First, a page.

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Conversation #40: Janet Branchaw on Mentoring for Student Success

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Janet Branchaw

A conversation with Dr. Janet Branchaw of University of Wisconsin-Madison on teaching, learning, and mentoring for student success.

Janet Branchaw, Assistant Professor of Kinesiology in the School of Education at the University of Wisconsin-Madison, serves as the Director of the Wisconsin Institute for Science Education and Community Engagement (WISCIENCE) and the Associate Director of the National Research Mentoring Network’s Mentor Training Core. She has led several NSF-funded projects focused on undergraduate research experiences and authored the Entering Research and 2nd edition of the Entering Mentoring curricula. Her research focuses on the development and study of student and faculty development interventions designed to improve undergraduate STEM education.

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T. Coston: Hello and welcome to the Teaching, Learning, and Everything else podcast at Xavier University of Louisiana. I am Tiera Coston and today I am speaking with Dr. Janet Branchaw. Dr. Branchaw assistant professor of kinesiology and the school of education at the University of Wisconsin, Madison, serves as director of the Wisconsin institute for science education and community engagement and the associate director of the national research mentoring networks mentor training core. She has lead several NFF projects focused on undergraduate research experiences and the entering research and second edition of the entering mentor curriculum. Her research focuses on the development of student and faculty development designed to improve undergraduate education. Thank you for taking the time out to speak to us about mentoring. And so we’ll start off by asking how did you come to focus on mentoring as a means to promote student success?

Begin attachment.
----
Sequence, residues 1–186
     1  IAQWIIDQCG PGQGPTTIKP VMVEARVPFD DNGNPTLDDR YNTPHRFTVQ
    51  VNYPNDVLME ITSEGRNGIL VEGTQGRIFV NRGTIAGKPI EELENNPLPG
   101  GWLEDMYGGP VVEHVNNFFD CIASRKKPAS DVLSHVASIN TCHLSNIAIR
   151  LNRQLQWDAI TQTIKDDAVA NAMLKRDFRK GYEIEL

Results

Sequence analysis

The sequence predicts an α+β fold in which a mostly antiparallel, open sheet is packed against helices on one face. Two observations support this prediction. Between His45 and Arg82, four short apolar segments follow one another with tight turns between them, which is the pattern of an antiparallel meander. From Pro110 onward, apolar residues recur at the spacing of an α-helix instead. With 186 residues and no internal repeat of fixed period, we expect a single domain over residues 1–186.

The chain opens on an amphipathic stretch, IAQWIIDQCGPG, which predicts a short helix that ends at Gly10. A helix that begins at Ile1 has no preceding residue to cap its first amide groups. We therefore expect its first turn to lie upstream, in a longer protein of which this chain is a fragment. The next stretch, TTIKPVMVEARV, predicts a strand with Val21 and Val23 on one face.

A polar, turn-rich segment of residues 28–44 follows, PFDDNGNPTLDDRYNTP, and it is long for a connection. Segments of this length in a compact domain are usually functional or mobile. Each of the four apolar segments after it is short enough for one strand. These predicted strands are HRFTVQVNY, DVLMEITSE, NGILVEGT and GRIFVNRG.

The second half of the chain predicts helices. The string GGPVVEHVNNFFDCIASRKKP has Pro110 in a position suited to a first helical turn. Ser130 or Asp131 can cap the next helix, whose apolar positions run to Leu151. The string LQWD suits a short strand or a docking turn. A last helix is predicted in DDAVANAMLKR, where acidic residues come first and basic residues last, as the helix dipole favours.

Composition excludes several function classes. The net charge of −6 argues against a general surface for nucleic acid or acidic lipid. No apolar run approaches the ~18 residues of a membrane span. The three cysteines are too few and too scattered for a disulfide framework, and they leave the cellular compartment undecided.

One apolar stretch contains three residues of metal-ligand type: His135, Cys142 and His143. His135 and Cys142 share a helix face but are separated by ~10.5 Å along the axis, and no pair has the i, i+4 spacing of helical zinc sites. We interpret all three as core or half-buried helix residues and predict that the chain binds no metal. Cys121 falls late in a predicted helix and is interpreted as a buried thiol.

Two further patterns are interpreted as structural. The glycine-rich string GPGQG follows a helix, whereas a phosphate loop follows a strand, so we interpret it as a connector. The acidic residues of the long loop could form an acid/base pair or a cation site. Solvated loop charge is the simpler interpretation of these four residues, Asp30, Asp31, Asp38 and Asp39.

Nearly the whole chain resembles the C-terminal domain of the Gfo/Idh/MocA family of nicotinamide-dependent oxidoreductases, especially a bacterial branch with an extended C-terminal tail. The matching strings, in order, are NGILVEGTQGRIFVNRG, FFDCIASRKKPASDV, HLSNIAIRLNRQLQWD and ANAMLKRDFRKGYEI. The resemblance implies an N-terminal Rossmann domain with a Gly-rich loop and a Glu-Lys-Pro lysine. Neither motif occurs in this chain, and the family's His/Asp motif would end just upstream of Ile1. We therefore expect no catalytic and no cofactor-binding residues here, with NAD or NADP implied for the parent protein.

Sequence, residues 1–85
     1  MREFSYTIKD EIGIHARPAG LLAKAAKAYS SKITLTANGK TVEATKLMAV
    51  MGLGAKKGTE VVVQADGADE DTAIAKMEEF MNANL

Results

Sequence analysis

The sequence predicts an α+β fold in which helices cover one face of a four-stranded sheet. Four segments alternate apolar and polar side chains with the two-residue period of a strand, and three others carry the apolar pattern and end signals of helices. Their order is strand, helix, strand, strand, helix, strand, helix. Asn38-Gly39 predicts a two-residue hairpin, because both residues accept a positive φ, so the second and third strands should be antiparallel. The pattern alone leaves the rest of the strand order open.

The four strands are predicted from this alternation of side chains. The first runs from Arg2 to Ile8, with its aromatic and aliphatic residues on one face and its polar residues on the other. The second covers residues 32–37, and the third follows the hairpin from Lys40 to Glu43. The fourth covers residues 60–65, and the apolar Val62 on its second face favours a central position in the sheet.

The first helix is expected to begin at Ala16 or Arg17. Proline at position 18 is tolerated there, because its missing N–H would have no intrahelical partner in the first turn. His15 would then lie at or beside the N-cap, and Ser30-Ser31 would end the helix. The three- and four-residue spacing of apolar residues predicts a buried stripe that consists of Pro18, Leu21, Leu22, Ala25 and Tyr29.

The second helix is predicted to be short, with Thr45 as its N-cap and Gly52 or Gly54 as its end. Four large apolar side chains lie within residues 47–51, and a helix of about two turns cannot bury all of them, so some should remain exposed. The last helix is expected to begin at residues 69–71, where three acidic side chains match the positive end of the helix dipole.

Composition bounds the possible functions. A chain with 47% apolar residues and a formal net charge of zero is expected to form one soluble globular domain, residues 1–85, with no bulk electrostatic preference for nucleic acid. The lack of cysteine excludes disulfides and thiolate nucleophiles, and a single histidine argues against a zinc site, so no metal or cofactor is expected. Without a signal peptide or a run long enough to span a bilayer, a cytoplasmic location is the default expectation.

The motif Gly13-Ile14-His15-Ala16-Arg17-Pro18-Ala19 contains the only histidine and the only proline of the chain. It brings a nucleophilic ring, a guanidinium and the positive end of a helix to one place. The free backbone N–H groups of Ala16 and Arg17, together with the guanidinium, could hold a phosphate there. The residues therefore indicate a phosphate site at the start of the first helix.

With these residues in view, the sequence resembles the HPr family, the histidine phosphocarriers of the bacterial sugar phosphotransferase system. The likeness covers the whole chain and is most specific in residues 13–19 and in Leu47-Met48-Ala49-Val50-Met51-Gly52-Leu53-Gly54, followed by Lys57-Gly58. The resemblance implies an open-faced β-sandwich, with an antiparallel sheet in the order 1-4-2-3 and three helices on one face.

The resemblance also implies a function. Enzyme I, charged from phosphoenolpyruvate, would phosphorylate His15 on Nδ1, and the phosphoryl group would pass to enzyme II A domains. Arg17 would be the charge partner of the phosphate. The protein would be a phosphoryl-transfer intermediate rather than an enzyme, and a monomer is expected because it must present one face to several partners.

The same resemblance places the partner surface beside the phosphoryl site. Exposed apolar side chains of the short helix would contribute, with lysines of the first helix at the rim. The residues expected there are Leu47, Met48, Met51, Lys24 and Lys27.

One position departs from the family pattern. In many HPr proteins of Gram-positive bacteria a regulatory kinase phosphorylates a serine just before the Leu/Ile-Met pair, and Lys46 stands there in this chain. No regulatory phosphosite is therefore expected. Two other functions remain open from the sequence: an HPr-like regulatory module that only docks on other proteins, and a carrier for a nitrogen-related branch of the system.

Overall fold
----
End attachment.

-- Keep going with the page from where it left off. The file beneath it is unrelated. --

J. Branchaw: Well first thanks for inviting me to do this. I really appreciate it. The first question about how did I come to focus on this really from the students perspective. I direct a couple of undergraduate research programs on our campus. And I saw through experience with those students how much mentoring matter. And I think we all know through experience how important mentoring is key to our success. But watching young students and trainees really some of them succeeding and not succeeding based on who was their mentor got me really interested in mentoring. So I did everything that I could to help the students become successful and it became clear to me that they needed to be working with their mentors and not just with them directly. So that’s how I got interested.

T. Coston: which brings me to the question. I think you’re right in that all of us have mentored in many places throughout our lives. I don’t think many of us if we knew could define mentoring. How would you define mentoring and what would contrast that with advising especially academic advising?

J. Branchaw: So I think they are both relationships between students and professionals. I think the mentoring relationship in particular is a little deeper. Usually the biggest distinction is that mentors and mentees are working together on something that is mutually beneficial to the both of them. And the mentor is very experienced and knows a lot about the project and is there to support the mentee. Good mentors put their mentees needs before their own and help them advance their mentees careers within the content of the project they are working on together. And I think that academic advising have a lot of similarities but I think that academic advisors are experts at what students could and should do to be successful like what courses to take and telling students what they should be doing and the students are coming back and reporting what they are doing, but they aren’t doing it together. So I think the big difference is that the relationship between mentors and students is that they are working on something together that they are both highly invested in that particular thing and I think advising is when the professor is highly invested in the student's outcome but I think it is a little less intense than a mentor and a student.